Held in late October, 2018 has seen one of OzAsia’s largest ever offerings, featuring a record of 60 performing arts events over 250 scheduled performances, including 5 world premieres and 20 Australian premieres. These were accompanied by 55 talk events, 66 workshops, and 8 major visual arts exhibitions. Over 800 artists participated, from 19 countries, including Cambodia, China, Indonesia, East Timor, Japan, Malaysia, South Korea, Thailand, the Philippines, Taiwan and Hong Kong. Audience participation figures are also rising rapidly, meaning that not only is OzAsia a significant addition to Adelaide’s festival calendar, but there is also considerable popular interest in the cultural diversity it showcases.
Looking at the 2018 programme reveals an impressive array of dance, drama, visual extravaganza and cross-art form experiment: dancing grandmothers from Korea (choreographer Eun-Me Ahn), intricately scripted comedy from China (Stan Lai and Performance Workshop), immersive art installation from Japan (visual artist Ryoni Ikeda), documentary theatre from Malaysia (an adaptation of the “Baling Talks” transcripts), and hip hop from Australia (Filipino-Aboriginal rapper and composer, DOBBY). These are but a small sample of a Festival whose depth, range and brilliance opens up a new front of engagement with the region Australia is increasingly a part of.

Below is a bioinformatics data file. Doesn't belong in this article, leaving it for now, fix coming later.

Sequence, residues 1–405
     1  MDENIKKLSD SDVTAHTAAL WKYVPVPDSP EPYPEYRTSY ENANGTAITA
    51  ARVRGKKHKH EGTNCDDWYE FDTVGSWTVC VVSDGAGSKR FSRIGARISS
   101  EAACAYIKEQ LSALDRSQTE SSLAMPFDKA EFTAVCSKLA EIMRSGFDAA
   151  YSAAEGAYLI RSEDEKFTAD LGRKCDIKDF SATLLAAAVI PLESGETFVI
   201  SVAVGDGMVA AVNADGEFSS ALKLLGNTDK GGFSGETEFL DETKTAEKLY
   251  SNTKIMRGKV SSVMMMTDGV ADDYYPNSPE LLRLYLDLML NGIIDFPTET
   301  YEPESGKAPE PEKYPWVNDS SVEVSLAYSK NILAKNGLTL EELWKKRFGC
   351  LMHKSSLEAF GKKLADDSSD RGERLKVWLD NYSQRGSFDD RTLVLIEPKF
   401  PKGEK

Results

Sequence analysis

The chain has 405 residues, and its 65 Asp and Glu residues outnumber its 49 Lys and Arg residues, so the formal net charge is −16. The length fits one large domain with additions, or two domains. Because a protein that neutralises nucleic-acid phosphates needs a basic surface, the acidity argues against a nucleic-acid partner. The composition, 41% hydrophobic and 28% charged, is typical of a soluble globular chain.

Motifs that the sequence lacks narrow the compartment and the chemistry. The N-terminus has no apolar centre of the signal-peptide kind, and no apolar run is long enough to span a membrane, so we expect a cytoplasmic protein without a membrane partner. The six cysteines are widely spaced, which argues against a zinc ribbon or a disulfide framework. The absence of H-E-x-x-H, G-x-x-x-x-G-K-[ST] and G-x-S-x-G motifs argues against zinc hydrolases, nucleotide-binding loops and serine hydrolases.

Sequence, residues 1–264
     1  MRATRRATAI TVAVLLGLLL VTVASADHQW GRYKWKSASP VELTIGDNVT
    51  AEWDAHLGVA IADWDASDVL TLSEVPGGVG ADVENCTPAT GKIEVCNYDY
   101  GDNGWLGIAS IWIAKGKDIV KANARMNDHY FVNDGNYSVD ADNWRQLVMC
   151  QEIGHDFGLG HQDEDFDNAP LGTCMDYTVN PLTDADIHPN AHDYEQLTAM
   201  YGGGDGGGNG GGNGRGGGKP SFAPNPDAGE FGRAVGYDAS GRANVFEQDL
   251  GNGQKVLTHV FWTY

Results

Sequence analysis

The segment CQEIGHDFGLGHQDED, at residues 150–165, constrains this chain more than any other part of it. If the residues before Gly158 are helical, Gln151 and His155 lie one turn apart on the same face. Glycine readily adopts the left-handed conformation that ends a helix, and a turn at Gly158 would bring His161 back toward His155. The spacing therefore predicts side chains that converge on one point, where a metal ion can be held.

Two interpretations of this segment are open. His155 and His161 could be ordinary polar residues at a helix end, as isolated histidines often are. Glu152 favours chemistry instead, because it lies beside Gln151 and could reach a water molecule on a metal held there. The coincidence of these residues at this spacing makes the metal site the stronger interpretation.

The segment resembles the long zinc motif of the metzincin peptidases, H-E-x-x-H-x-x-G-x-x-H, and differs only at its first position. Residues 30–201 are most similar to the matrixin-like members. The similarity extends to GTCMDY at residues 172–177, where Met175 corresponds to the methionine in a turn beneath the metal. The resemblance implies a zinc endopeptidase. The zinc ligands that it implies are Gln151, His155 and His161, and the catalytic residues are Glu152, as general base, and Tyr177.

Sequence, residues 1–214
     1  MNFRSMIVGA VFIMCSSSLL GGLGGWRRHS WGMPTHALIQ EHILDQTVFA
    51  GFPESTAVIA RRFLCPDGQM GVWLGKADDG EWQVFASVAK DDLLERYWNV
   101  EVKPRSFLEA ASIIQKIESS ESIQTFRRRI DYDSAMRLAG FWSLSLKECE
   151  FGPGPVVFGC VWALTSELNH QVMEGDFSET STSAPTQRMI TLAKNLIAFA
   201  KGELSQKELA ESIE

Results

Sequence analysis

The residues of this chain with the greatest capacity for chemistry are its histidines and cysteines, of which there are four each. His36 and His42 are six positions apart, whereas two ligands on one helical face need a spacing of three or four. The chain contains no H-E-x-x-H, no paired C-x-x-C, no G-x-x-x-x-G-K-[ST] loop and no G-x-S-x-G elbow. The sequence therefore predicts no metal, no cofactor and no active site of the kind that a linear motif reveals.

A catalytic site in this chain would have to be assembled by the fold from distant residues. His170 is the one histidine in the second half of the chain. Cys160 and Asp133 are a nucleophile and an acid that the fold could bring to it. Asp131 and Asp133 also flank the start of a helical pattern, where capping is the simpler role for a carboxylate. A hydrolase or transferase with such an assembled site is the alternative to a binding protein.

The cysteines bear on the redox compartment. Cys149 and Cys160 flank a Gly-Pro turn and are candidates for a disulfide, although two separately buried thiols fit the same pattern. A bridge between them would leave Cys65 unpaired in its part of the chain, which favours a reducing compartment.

Before looking at two productions in greater detail, it is worth considering what the Festival represents from a broader point of view. Like the adjective “European”, a soapy catch-all for countries of very different histories and outlooks, the term “Asian” says little about the cultures it labels save their geographical proximity. The broadcasting of this fact alone is perhaps the OzAsia Festival’s most significant task—to invite Australians used to thinking of the nations closest to them as a homogenous geo-political blob into a more nuanced conversation that recognises and respects their diversity and otherness.
Artistic exchange is a great place to start, not only because it represents the face of modern diplomacy (aka ‘soft power’) but also because it is a lot of fun. The OzAsia Festival is instructive because it is enjoyable, and the vibrancy and colour of its events is a message in itself. There is a sense of freedom and openness to the Festival which hopefully it will never lose. Expectations are high, but loosely defined. Audiences look to it with a desire to be surprised as well as impressed.
Sutra, OzAsia Festival 2018.
Sutra, a collaboration between choreographer, Sidi Larbi Cherkaoui, and a troupe of Shaolin monks, is a revival of an award-winning work in its tenth anniversary year. Cherkaoui, currently an Associate Artist at Sadler’s Wells Theatre in London, performs in a piece informed by a variety of cultural cross-currents. The music is by Polish composer Szymon Brzóska, the design of two dozen, eight-foot-tall, open-sided wooden boxes (see photograph above) by British installation artist Antony Gormley, and the production includes the extraordinary talents of nine Shaolin monks.